Archives for : Local Big History


10-12 July 2015

Sponsored by OCR under the OCR-SHP Partnership

Leeds Trinity University

Workshop Sessions
A8 & D5

Workshop Session A –
A8 (Room T20)
Friday 10th July 2015


Workshop Session D
D5 (Room T13)
Saturday 11th July 2015

‘My mum’s got photographs of Tudor planes’:
Can Big History build T13 chronological frameworks?

Over the last two years, the history department at Ilkley Grammar School has been experimenting with a Big History unit, based on the work of Rick Rogers, which aims to provide a framework of knowledge covering the development of humans from hunter-gatherer bands to today’s multi-national society. The framework focuses on how societal structures, the way we acquire our resources, and the way we think (collectively) have changed across time.

In this session, Laura and Dan will share their experiences, resources and results from teaching this experimental unit. Particular reference will be paid to how big misconceptions can be challenged through Big History; for example, perceptions of cultural inferiority, attitudes regarding the intelligence of people in the past, and the assumption that progress in time always means betterment. They will also consider the impact that the Big History unit has had on the way students understand and contextualise their subsequent studies.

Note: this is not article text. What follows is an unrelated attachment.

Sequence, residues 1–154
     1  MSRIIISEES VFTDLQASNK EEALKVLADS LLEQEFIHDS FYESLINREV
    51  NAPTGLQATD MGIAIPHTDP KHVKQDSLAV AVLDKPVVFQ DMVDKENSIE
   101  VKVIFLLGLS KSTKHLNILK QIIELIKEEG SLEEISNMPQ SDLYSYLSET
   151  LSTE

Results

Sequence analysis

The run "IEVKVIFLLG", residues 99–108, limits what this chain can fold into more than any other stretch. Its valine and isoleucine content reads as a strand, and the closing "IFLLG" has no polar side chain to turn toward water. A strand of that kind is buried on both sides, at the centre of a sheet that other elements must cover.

Laura Goodyear, Teacher of History and Lead Teacher and Dan Nuttall, Head of History, Ilkley Grammar School.

In The Beginning

Before the first stars formed, the universe contained only HYDROGEN, HELIUM, and small amounts of LITHIUM (created in the first minutes after the Big Bang, when the universe as a whole was still hot enough to sustain fusion).

But massive stars create carbon, oxygen, and all manner of heavier elements through fusion all the way up to iron.

When these stars run out of fuel and explode as supernovae, the huge amounts of energy released often allow for the formation of even heavier elements like gold, uranium, and others.